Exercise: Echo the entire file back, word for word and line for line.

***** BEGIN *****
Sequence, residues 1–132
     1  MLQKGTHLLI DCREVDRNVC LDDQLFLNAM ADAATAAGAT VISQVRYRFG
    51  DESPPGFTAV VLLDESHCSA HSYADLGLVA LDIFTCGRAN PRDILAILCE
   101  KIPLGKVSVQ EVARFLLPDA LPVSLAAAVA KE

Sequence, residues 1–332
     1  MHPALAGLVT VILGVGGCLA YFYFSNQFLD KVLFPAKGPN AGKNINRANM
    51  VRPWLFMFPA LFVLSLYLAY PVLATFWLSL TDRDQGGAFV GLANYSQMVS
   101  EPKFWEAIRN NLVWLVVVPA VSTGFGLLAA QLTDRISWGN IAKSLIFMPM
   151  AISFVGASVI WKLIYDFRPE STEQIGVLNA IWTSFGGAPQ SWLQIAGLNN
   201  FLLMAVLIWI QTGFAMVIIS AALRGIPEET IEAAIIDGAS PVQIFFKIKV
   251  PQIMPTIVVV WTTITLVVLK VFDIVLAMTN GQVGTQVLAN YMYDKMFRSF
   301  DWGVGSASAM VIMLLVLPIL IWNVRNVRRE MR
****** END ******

Sequence, residues 1–132
     1  MLQKGTHLLI DCREVDRNVC LDDQLFLNAM ADAATAAGAT VISQVRYRFG
    51  DESPPGFTAV VLLDESHCSA HSYADLGLVA LDIFTCGRAN PRDILAILCE
   101  KIPLGKVSVQ EVARFLLPDA LPVSLAAAVA KE

Sequence, residues 1–332
     1  MHPALAGLVT VILGVGGCLA YFYFSNQFLD KVLFPAKGPN AGKNINRANM
    51  VRPWLFMFPA LFVLSLYLAY PVLATFWLSL TDRDQGGAFV GLANYSQMVS
   101  EPKFWEAIRN NLVWLVVVPA VSTGFGLLAA QLTDRISWGN IAKSLIFMPM
   151  AISFVGASVI WKLIYDFRPE STEQIGVLNA IWTSFGGAPQ SWLQIAGLNN
   201  FLLMAVLIWI QTGFAMVIIS AALRGIPEET IEAAIIDGAS PVQIFFKIKV
   251  PQIMPTIVVV WTTITLVVLK VFDIVLAMTN GQVGTQVLAN YMYDKMFRSF
   301  DWGVGSASAM VIMLLVLPIL IWNVRNVRRE MR